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Now, I don’t think I’ve met a bar I didn’t like because I think I’ve tried all of the different brands and kinds of bars out there. Every single one that I’d come across, I’d look for them in stores and try them. Honestly, I still do that. I love trying different things like that, just to see what all the hype is about. Anything from cereal bars, meal replacement bars, and even protein bars have gone across my lips. The best part about trying all these bars, aside from the variety, was their portability. I needed to have one in my bag at all times in order to stop any impending hunger signs on the spot, even after graduation.

These days, I still carry some sort of bar in my bag; along with a giant bottle of water and maybe even an apple. I even buy my favorites in mass quantities so I have something to snack on while at work. However, since my folks are away and my stash is quickly depleting, I decided to make my own.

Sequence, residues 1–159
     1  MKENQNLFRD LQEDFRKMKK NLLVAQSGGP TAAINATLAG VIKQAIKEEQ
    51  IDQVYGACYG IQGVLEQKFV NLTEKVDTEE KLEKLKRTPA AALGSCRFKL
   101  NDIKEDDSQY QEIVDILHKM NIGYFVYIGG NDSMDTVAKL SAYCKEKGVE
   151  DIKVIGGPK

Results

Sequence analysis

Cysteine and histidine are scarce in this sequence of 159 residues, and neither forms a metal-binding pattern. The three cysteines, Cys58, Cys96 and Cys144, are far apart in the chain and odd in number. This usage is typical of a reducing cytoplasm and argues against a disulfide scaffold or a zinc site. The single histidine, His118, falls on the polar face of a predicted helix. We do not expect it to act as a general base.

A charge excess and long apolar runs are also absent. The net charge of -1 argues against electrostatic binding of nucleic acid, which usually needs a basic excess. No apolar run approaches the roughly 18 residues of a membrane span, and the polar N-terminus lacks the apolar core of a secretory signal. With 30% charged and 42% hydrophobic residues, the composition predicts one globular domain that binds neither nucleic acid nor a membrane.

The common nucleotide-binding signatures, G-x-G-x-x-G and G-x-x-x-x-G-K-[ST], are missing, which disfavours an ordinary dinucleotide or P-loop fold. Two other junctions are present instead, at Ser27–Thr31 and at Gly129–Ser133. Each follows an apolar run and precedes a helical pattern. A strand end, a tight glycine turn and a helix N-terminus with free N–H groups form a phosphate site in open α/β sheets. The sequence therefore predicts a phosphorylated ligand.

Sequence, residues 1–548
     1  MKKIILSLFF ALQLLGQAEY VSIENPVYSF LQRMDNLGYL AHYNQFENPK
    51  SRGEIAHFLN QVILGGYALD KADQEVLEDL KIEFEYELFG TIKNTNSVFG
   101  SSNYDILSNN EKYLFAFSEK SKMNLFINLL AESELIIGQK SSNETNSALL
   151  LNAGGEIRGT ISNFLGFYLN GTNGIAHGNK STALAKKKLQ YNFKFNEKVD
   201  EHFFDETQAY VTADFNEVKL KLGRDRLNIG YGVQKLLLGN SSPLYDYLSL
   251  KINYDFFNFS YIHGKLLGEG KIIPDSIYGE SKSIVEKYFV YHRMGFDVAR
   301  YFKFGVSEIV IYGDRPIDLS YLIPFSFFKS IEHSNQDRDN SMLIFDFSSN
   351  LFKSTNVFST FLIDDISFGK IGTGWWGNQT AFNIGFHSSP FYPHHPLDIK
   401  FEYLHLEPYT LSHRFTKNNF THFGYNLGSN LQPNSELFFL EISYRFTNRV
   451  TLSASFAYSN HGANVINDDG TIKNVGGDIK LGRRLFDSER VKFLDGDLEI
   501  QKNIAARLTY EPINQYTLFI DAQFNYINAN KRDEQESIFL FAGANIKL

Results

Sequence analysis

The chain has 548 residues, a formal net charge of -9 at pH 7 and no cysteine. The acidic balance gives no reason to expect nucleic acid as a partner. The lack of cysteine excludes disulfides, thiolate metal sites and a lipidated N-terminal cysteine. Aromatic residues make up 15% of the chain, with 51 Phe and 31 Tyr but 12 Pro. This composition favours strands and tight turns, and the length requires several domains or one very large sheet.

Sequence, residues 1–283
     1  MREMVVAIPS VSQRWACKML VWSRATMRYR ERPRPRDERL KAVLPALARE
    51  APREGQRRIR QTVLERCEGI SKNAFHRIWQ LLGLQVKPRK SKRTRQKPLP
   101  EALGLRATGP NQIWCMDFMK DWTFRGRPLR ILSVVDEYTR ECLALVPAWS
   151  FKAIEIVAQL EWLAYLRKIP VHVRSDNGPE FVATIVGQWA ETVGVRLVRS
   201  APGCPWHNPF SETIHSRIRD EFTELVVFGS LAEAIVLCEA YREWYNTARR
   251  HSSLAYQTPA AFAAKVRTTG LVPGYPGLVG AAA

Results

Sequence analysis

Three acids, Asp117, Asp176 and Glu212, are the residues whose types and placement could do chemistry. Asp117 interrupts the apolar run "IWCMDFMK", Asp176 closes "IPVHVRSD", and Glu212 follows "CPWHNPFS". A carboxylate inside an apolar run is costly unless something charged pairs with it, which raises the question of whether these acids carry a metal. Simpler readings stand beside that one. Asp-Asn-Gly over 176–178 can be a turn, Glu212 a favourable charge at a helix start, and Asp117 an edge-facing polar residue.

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Now, these were a long time coming. Even before I bought my last box of bars, I had been thinking about making my own. The only thing stopping me was that I couldn’t decide what to put in them! See, granola bars are a grab bag of stuff. Besides the required oats and nuts, it’s basically a free for all. I took what I had in my cupboard and went to town. These aren’t inherently healthy but I like to think that because they’re homemade, it cancels out. I tried my best to keep it sorta healthy but that factor is up to the eater to decide. I put all my favorites in here; oats (which are a given and required), raisins, cinnamon, chocolate chips, peanut butter, and nuts. I kind of cheated with the nuts because all I had were some nut clusters, which I chopped up and threw into the mix. Then I switched the butter for some melted coconut oil; one of the trendy fats that are really good for your body on the inside and outside. I also used agave; a sweeter and less viscous alternative to honey. And just for funsies, I used half brown and half white sugar.